Elsewhere in his homily, St. Gregory explains to us why this poor man might have been given over to demon possession, why in general would the Lord permit this kind of thing. “As most people are unable to comprehend the devil’s maniacal fury against us from his attacks on our souls and the assistance he lends us when we sin, God permitted that there should be some people physically under the control of demons, that we might all learn from them how terrible is the affliction of a soul which intends to make itself the devil’s dwelling through evil deeds.” You see here St. Gregory points to the cause. It is not God causing this, but it is evidently the result of evil deeds on the part of the person in question. St. Gregory continues, “When, on account of the incomparable vastness of His love for mankind, the only-begotten Son fo God bowed the heavens and came down to earth (Ps.144:5).
And as if to help the disciples answer the question of “Who can this be?”, in vs. 28 the demon possessed man is compelled by the presence of Jesus in front of him to say it out loud: “When he saw Jesus he cried out, fell down before Him, and with a loud voice said, ‘What have I do to with you, Jesus, Son of the Most High God? I beg You, do not torment me!’” This hateful band of demons, involuntarily had to fall down before Jesus! They confessed who He was! The reminds us of the verse in Romans 14:11, which is a quote of a verse in Isaiah: “As it is written:‘As I live,’ says the Lord, ‘every knee will bow to me; Every tongue will confess to God.’” (Ro 14:11). We can see this is fulfilled even with the wicked demons. Even the demons were compelled to cooperate with God, and in this situation helped to convince the disciples of Who Jesus is!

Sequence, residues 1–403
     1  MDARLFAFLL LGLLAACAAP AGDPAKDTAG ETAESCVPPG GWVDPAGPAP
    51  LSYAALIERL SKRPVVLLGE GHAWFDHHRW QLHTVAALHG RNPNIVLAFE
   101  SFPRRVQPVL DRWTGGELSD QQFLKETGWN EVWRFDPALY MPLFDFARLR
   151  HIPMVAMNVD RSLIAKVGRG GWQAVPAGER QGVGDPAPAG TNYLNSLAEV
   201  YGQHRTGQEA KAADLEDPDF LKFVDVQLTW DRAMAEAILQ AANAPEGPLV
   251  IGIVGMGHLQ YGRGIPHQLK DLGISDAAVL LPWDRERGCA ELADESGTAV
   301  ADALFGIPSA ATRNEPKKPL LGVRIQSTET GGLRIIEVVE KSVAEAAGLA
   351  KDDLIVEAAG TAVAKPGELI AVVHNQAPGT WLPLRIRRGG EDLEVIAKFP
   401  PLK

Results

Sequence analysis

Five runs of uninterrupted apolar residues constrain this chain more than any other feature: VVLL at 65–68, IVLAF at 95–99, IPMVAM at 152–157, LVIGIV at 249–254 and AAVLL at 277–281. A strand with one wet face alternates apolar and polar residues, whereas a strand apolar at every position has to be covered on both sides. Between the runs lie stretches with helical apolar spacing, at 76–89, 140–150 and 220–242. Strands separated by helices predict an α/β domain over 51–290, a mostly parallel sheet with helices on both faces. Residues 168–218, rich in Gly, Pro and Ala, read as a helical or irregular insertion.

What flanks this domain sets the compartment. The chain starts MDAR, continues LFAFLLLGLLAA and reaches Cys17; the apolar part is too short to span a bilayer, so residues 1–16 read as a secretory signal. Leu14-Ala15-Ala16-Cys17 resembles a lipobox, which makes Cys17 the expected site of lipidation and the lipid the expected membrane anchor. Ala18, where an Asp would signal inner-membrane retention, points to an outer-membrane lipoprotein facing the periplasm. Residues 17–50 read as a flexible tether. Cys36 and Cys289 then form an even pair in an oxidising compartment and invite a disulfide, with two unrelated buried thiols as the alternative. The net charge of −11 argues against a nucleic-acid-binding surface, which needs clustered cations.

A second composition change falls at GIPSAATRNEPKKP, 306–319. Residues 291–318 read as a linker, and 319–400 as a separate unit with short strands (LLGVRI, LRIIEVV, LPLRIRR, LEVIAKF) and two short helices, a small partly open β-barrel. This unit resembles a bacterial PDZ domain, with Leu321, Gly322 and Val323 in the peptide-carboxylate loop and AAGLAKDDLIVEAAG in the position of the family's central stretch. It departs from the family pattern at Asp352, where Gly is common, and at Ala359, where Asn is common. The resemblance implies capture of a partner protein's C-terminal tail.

It’s not as if the mere presence of Christ persuaded the demons to repentance, no! They simply have no answer to Christ. They can do absolutely nothing without His permission. They are unable and unwilling to repent. They want to destroy, out of their hateful jealousy towards God. We can see how evil, and malevolent they are by what happened as soon as they were permitted by Jesus to enter the herd of swine. They could go nowhere without His permission, so they begged Jesus to enter this herd of swine, a legion of demons, potentially thousands of them!
When they entered the swine, they immediately showed what they would also do to mankind if they were permitted by causing them to run off of a cliff into the lake to drown. Destruction and death is what they bring. Our Lord, brings liberation, healing, life!
This in a small way shows us what all of mankind is under the influence of. We see clearly who our real enemy is. And it shows how clearly impotent this adversary is. This is the mission of Christ, the rescue mission. Ever since the fall of Adam and Eve, mankind has been on a downward spiral to enslavement to sin and its consequence, death. And this is what Jesus our Lord has come to free us from. He has come to mankind, as He came to the shore of the Lake to free the demon possessed man. He offers us freedom from the illness of sin, He offers us resurrection! He even offers to make us like Himself by grace!
Let us take courage then, in our hero, the Lord Jesus Christ. He is our champion, and He will never abandon us! He after all, made us His brethren and co-heirs. He made us children of His heavenly Father by adoption. Don’t be distracted by all the noise and chaos that the evil demons are provoking in the world around us. In these difficult times, we must remember who the real enemy is. It is not our neighbor, in whom we must see Jesus Christ.
Let us strive to be more like Him, because this world needs it so much.
In the name of the Father, the Son, and the Holy Spirit, amen.